A Machine for Everything
Regular airtime: Thursdays, 9pm ET
US: 21 Jan 2010
Recently, while watching some food show, I began to wonder who might have first tapped into a maple tree and consumed some of the thick liquid that came out. No one knows for sure, of course, but I do wonder about questions like that. Apparently, I am not alone.
For those who wonder about what\‘s in their hamburger or how egg rolls are mass produced, the History Channel presents Food Tech. Each episode features host Bobby Bognar dissecting a favorite American meal, tracking food from field or factory to our plates. Bognar himself isn’t a chef, but he has worked in the food industry and restaurants most of his life. It is apparent that he likes food. Happily, he stares into the camera to ask such questions as “Isn’t that cool?” and to declare everything “awesome.” If enthusiasm for the topic trumps actual training and knowledge, then Bognar is a perfect host.
Not everyone shares Bognar’s enthusiasm, though. Some of the workers who Bognar “works” beside for a few minutes seemed more irritated at the interruption than excited to be chopping heads of lettuce, for instance. One lady whose job it is to sort out pickle chips with holes in them from a conveyor belt zipping hundreds of chips by per minute clearly didn’t share his fascination with her job; one supposes the glamour wears off quickly, but Bognar failed to recognize that.
For the series’ premiere episode, Bognar examines “Burgers and Fries.” To cover the production of the various parts of the meal, he flies across the country, from California (buns, ketchup, and lettuce) to North Carolina (pickles). First up is a lesson on how cows become hamburger patties, in a segment not designed for animal lovers or vegetarians. Following are explanations of how sesame seed buns are made, slices of cheese are tested for perfect meltability, cucumbers get dill flavoring, tomatoes turn into ketchup, lettuce is picked and shredded, and what makes fast food fries crispy on the outside and fluffy inside.
The onion segment is the only one that fails to illuminate how the product gets to the burger. (Then again, what is there to explain? The onion is dug up, washed, and shipped.) The segment focuses on how onion seeds are harvested. Rest assured that we will never experience a shortage of onion seeds, but watching them grow and get their seed pods processed isn’t gripping TV.
Clearly, the episode is ambitious, exploring seven food items in 45 minutes. Thus, each segment flies by, with Bognar appearing as a fast-paced museum guide—“Here, we have… And we’re walking.” Perhaps a more sensible approach would have been to divide the meal into two shows, so that more attention could be given to each element. For instance, Bognar is amazed by a combine that can automatically sort red from green tomatoes, spitting the green ones out. It would be interesting to see how the machine works, or to find out what happens to the green tomatoes after they are rejected. But Bognar quickly moves on.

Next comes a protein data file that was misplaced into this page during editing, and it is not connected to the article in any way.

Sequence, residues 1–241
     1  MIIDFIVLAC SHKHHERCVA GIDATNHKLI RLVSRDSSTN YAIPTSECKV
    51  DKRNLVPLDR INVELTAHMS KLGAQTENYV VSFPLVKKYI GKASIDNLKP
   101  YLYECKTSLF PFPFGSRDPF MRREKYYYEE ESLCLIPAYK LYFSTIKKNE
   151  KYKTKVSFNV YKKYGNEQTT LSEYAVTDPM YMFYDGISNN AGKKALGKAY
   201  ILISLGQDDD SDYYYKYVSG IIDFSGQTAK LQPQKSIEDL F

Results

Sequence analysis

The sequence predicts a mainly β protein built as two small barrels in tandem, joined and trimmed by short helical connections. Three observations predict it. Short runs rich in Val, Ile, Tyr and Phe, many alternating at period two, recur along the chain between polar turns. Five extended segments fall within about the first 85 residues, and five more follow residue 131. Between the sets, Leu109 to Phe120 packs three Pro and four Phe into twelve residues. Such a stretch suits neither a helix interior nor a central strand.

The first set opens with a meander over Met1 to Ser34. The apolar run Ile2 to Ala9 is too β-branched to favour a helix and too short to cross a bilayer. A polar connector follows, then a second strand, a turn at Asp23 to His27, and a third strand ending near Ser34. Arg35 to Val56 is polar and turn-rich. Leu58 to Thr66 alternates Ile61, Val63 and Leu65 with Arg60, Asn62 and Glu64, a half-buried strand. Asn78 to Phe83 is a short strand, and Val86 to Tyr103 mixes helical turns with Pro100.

Still, I learned a couple of things from the episode. First, we use a frightening amount of water in our food production. It’s used to cook, mix, move, and clean food, and is of course an ingredient in many foods. Second, we should be looking to the food industry for the latest advances in technology. They have a machine for everything. The process for turning tomato juice into tomato sauce for ketchup rivals the finest oil refinery.
Cable has a variety of “how it’s made” programs, covering everything from food to household items. Most are successful because they delve deeply enough into their subjects to demystify them. Food Tech fails to do that. It gives us the abbreviated version of the story, and leaves me with as many questions popping into my head as it answers. Some viewers might find Bognar’s explanations pithy, but the rest of us will be left hungry for more.
We all know how critical it is to keep independent voices alive and strong on the Internet. Please consider a donation to support our work as independent cultural critics and historians. Your donation will help PopMatters stay viable through these changing and challenging times where costs have risen and advertising has dropped precipitously. We need your help to keep PopMatters strong and growing. Thank you.
"PopMatters (est. 1999) is a respected source for smart long-form reading on a wide range of topics in culture. PopMatters serves as…READ the article